The pandemic continues to take a toll on everyone’s psyche and that’s why Boston 25 is getting real about its impact on mental health.
Obsessive compulsive disorder is a diagnosis of being unable to tolerate uncertainty. It’s often exacerbated by a concern of being unable to keep a loved one safe.
The circumstances created by COVID-19 really created a perfect storm for OCD in many ways.
One woman told Boston 25 News, “Whenever I feel anything on my hands, I need to wash my hands right away. I’ve never had COVID-19 so I’m a little scared of that.”
Washing hands over and over again was one of the first public health messages associated with the coronavirus.
When asked if he was still washing his hands frequently, one man laughed and said, “Yea, I still do. Pretty much before after everywhere I go.”
Sanitizing and trying to stay germ free became and obsession for many people
Often, the rules changed from day to day on things like whether groceries needed to be wiped down and cleaned.
“All of that uncertainty is really unsettling and fueling an individual who already has some difficulties with OCD and challenges with uncertainty,” said Julie Ryan, Ph.D., an associate professor of clinical psychology at William James College in Newton.
About 2.5% of Americans are clinically diagnosed with OCD in their lifetime, according to the National Institute of Mental Health. About a quarter of the general population can exhibit behaviors associated with OCD.
“It is a diagnosis of being unable to tolerate uncertainty,” said Professor Ryan. “Most people who have OCD try to neutralize those thoughts and images that just pop into their mind by doing some repetitive or ritualistic behaviors, and we call those compulsions.”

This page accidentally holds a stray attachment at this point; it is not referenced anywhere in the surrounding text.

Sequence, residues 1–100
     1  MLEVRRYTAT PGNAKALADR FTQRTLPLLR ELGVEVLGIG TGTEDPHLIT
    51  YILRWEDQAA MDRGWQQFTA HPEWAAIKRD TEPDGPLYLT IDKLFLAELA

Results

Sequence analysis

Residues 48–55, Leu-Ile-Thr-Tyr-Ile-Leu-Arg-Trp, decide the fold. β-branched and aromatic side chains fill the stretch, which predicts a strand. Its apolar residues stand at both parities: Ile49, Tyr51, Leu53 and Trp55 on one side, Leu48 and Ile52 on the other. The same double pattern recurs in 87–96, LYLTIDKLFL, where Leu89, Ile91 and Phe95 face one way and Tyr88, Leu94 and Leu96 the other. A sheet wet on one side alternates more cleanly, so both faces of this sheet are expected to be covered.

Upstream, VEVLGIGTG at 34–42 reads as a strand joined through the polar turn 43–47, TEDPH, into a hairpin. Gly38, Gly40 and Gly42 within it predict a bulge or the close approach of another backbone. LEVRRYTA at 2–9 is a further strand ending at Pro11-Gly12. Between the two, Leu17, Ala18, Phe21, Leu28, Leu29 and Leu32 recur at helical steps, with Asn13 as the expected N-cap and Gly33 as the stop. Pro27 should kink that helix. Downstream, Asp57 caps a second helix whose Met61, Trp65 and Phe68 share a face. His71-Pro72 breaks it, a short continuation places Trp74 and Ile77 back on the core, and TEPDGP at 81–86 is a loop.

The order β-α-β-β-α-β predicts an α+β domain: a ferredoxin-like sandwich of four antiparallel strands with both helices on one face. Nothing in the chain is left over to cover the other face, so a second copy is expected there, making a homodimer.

Professor Ryan isn’t surprised many OCD patients reported worsening symptoms over the past two years or that they’re also now more prevalent among the public.
Manifestations of OCD aren’t just about cleanliness. They can also be about order like focusing on how magazines are arranged on a table for example.
“I think this is the piece of the pandemic that we’re going to still need to keep working on, even once the virus seems under control,” said Ryan.
Mental health experts are now considering what will happen as the pandemic winds down. “I wouldn’t say that it’s like a light switch that you can just turn back off,” explained Ryan. “It’s more that there’s some underlying vulnerabilities that some people will have and if OCD has been activated.”
Another woman in downtown Boston said she thinks she will definitely continue to “wash, sanitize, keep spaces clean and be aware of her surroundings.”
When we asked her how she’ll make sure it doesn’t become obsessive, she laughed and said, “So that’s a good question!”
Professor Ryan says a person crosses a line when a behavior becomes overly time consuming or precludes participation in other
activities that were previously enjoyable. She says that’s when it’s probably time to get professional help.
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